Luminent Closes in on IPO
Luminent, which manufactures active and passive optical components for metropolitan and access equipment, has two things going for it.
First, it has actual customers, the two biggest of which are Marconi Communications PLC (London: MNI) and Cisco Systems Inc. (Nasdaq:CSCO). Its revenue from these and other customers grew 59 percent from $38.6 million in 1998 to $65.2 million in 1999.
Second, Luminent is focused on a hot area of the optical component market and has a good breadth of products among its offerings, says Stephen Montgomery president of Electronicast Corp., which has followed the optical component market for nearly 20 years. The market forecast for components in the access market in North America alone was $900 million in 1999 and is expected to grow to $3 billion by 2004 and $10.4 billion by 2009, according to an Electronicast study.
“Our outlook for smaller companies like Luminent is very good,” says Montgomery. “System vendors need multiple suppliers -- besides, companies like Lucent won’t sell to everybody, so there is plenty of opportunity for them.”
But there is a downside. Despite its growth and the market segment's potential, the company is still stating a loss, which has grown from $3.5 million in 1998 to $4.1 million in 1999. And due to two recent acquisitions, that loss has jumped up to $10 million in the last six months.
The company has also raised some risk factors in its S-1, which it filed with the Securities and Exchange Commission in July (see Luminent IPO ). For one, it is entering a highly competitive market, joining vendors -- like Agilent Technologies Inc. (NYSE: A), Corning Inc. (NYSE: GLW), JDS Uniphase Inc. (Nasdaq: JDSU), and Lucent Technologies Inc. (NYSE: LU) -- which are all much bigger than Luminent and, in the short term, will have more cash to pour into sales and manufacturing efforts.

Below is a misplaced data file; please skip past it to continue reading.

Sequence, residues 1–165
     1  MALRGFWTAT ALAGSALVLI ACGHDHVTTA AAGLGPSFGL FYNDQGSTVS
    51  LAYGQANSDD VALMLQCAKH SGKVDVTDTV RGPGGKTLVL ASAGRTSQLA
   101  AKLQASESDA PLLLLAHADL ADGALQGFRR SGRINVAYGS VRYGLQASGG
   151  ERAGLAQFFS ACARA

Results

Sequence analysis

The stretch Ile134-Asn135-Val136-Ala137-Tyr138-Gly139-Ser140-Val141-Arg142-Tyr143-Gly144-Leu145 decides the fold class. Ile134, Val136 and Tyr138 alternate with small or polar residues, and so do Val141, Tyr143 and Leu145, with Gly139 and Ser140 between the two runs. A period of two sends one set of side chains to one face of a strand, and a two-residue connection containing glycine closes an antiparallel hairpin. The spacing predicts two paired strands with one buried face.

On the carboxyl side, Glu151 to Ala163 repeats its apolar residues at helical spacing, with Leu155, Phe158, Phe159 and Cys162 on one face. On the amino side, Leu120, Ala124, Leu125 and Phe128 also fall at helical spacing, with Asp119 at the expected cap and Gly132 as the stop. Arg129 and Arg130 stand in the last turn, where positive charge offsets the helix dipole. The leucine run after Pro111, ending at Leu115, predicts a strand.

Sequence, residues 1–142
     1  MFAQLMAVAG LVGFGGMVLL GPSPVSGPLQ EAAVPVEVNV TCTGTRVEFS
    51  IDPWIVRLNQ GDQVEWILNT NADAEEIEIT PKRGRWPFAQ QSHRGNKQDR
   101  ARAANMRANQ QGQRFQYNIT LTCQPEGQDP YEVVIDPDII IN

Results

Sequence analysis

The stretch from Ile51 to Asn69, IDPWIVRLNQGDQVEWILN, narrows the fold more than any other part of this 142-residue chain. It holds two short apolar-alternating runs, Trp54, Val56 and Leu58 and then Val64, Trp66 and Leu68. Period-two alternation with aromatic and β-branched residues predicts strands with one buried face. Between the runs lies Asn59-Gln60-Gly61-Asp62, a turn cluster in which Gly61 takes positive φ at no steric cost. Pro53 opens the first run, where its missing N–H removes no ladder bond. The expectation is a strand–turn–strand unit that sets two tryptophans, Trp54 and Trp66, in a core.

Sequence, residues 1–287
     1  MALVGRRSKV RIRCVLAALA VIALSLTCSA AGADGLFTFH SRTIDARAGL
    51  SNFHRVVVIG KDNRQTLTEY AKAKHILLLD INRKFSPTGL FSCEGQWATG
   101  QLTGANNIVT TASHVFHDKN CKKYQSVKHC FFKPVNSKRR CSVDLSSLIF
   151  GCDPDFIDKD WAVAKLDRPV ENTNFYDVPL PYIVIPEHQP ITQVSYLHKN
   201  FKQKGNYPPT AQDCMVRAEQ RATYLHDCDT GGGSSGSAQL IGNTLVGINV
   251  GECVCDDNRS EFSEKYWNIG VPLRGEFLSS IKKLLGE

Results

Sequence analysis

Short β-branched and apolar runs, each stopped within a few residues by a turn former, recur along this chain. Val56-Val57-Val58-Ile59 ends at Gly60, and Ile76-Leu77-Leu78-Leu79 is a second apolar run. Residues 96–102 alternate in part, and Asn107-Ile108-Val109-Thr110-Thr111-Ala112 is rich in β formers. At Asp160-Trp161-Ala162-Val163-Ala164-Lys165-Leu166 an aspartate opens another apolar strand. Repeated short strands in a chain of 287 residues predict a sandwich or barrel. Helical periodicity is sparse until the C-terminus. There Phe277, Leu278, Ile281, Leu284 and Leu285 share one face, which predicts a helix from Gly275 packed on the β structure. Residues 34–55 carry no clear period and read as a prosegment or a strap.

There are other potential risks, as well. The company has already been threatened by patent infringement lawsuits. Rockwell Corp. (NYSE: ROK) and Ortel Communications, which has since been acquired by Lucent, have both written letters to Luminent accusing the company of infringing on their patents, according to the S-1. The company is currently investigating these issues, but admits that expensive legal battles and potentially negative outcomes could have devastating effects on the company.
-- Marguerite Reardon, senior editor, Light Reading, http://www.lightreading.com